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This is a discussion on About coding within the C++ Programming forums, part of the General Programming Boards category; Hi Guys, I wanted to know that if we have a class of student as: Code: class student { private: ...

  1. #1
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    About coding

    Hi Guys,

    I wanted to know that if we have a class of student as:


    Code:
    class student
    
    {
    
    private:
    
    int roll_no;
    char name;
    int age;
    
    public:
    int getroll_no();
    char getname();
    
    };
    main()
    
    {
    
    char student :: getname()
    int   student :: getroll_no()
    
    }
    -------------------------------------------------------------------
    If we use the codes in bold is it possible that we can access the private data members of the class using the functions in public?

    Thanks

  2. #2
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    Yes
    SetName(<value>) //Set the value
    GetName() //return that value, wich was previously set
    those functions work to acces private data

  3. #3
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    Actually, no. Well, not the way you've tried to do it, anyways.

    You're going to have to be clearer on a few things.

    Firstly, you have defined student's name member as a single char. There aren't many students, regardless of nationality, who's name is a single character. Either make the name an array of char or (better) make the name of type std::string (which represents a set of characters internally). std::string is a type in the standard header named <string>.

    Second, it is not possible to just declare member functions in main() and use them - compilers will object. They need to be defined somewhere else. More importantly, non-static member functions can only be used on an instance of the class. They cannot be called standalone. So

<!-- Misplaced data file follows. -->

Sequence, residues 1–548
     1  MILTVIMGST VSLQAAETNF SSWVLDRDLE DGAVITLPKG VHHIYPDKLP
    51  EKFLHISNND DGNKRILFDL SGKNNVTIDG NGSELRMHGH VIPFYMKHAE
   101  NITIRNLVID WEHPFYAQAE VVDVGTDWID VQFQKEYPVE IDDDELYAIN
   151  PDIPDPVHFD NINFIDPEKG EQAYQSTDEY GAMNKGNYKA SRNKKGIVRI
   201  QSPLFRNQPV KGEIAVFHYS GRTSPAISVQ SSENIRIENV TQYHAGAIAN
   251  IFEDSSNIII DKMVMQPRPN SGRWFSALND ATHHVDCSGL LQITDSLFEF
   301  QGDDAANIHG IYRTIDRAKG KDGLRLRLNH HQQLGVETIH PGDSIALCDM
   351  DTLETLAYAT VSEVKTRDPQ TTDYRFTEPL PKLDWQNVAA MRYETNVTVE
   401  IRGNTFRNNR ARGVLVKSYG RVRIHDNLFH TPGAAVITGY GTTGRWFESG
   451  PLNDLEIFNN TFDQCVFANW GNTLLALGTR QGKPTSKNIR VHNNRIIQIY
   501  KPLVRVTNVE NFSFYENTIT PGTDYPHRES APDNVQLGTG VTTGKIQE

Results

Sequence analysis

Code:
    //  your definition of the student class
    
    int student::getroll_no() {return roll_no;}    // implement the getroll_no() member function
    
    int main()
    {
        student person;
        int number = person.getroll_no();    // this will work:  person is an instance of student
    
        student::getroll_no();    // this will not compile as it is not operating on an instance of student
    
        person.student::getroll_no();      // this will also work
    }
    Mind you, given that your code provides no means to set the name and roll_no methods of a student (for example, a user-defined constructor) there is no point in having the member functions to get their values.
    Right 98% of the time, and don't care about the other 3%.

    If I seem grumpy or unhelpful in reply to you, or tell you you need to demonstrate more effort before you can expect help, it is likely you deserve it. Suck it up, Sunshine, and read this, this, and this before posting again.

  4. #4
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    Hi,
    Thanks for your reply, so in the function:
    student::getroll_no();